Former Manchester United defender Gary Neville has suggested there are ‘two or three’ things wrong with the deal that took Danny Welbeck to Arsenal.
The former United forward linked up with the Gunners on the final day of the transfer window in a permanent move, which cost the North London club £16 million.
Welbeck then performed heroics for England as Roy Hodgson’s side secured a 2-0 win away in Switzerland to get their Euro 2016 qualification campaign off to a great start.
It’s a deal, which has left Neville baffled.
“There are right-backs and left-backs galore bought for £14 million, £15 million, £16 million. I’m thinking how have they got him for £16 million? I can’t work it out,” said Neville.
“It has helped out a competitor – someone probably vying for those third and fourth places. I am struggling to understand the logic behind the deal in two or three ways.”
“It is not the way I would expect United to go about their business. I always expect it to be a lot more controlled.”
Neville’s first point relating to price is an interesting one considering the amount of cash the club spent on new players over the summer.
Arsenal could effectively almost buy Danny Welbeck twice for the amount it cost United to sign Luke Shaw from Southampton, which perhaps leads to the suggestion that Louis van Gaal didn’t want to be left with an unhappy striker on his books, getting the deal done for the sake of transfer deadline pressure.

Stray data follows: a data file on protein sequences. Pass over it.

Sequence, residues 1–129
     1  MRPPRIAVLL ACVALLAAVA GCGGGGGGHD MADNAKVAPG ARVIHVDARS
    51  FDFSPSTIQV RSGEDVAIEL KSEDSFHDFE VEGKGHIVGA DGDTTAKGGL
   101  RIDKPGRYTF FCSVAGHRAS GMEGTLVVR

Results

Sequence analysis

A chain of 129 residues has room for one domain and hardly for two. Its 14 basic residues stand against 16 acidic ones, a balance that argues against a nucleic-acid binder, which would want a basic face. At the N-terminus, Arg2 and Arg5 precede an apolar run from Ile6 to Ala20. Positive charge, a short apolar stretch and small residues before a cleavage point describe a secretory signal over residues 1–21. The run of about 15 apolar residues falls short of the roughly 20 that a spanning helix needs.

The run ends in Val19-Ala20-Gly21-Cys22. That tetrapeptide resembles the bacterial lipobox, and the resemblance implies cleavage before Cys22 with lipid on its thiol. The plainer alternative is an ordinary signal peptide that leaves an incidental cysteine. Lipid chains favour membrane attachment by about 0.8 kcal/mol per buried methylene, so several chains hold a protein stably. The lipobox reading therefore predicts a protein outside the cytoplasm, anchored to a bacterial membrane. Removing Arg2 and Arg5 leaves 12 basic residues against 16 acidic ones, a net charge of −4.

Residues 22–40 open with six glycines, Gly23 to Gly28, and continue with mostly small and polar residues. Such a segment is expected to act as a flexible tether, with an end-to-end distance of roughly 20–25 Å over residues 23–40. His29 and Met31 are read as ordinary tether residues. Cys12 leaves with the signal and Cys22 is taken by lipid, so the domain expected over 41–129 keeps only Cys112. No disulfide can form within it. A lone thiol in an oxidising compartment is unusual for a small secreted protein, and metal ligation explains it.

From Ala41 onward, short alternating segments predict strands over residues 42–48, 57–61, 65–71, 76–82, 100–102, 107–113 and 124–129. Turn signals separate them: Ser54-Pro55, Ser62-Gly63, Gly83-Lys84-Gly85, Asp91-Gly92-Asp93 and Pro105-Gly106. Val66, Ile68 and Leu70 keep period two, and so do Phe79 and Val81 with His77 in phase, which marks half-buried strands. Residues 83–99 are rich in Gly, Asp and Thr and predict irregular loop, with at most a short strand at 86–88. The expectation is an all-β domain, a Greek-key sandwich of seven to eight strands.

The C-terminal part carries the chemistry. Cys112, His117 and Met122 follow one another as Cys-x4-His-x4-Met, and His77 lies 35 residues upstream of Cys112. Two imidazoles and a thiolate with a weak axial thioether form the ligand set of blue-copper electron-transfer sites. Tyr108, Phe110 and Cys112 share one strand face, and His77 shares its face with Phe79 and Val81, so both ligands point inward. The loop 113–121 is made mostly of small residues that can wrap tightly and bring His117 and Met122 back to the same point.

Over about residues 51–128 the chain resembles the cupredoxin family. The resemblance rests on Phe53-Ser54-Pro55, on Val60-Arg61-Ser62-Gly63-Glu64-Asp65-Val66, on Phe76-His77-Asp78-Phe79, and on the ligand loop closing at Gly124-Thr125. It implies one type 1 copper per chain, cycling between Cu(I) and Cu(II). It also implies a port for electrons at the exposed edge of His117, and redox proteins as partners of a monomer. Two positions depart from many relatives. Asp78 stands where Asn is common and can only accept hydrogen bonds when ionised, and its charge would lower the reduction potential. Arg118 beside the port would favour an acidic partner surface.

Neville is spot on in questioning the theory of selling to one of the club’s main rivals.
Bear in mind last summer, Jose Mourinho refused to let Demba Ba join Chelsea on loan, arguably not as talented as Welbeck, opting to keep him as a potentially unhappy back up striker for the sake of not wanting to see Arsenal get stronger.
The control Neville talks about is something which has in many ways, been beyond van Gaal’s control this summer.
Sides know all about United’s impressive wealth and they knew about the club’s need for new players in key positions, which instantly puts the prices up of players they are looking to try and buy.
One of the reasons Sir Alex Ferguson excelled in the transfer market was because he kept things quiet, but for this summer at least, van Gaal didn’t really have any choice.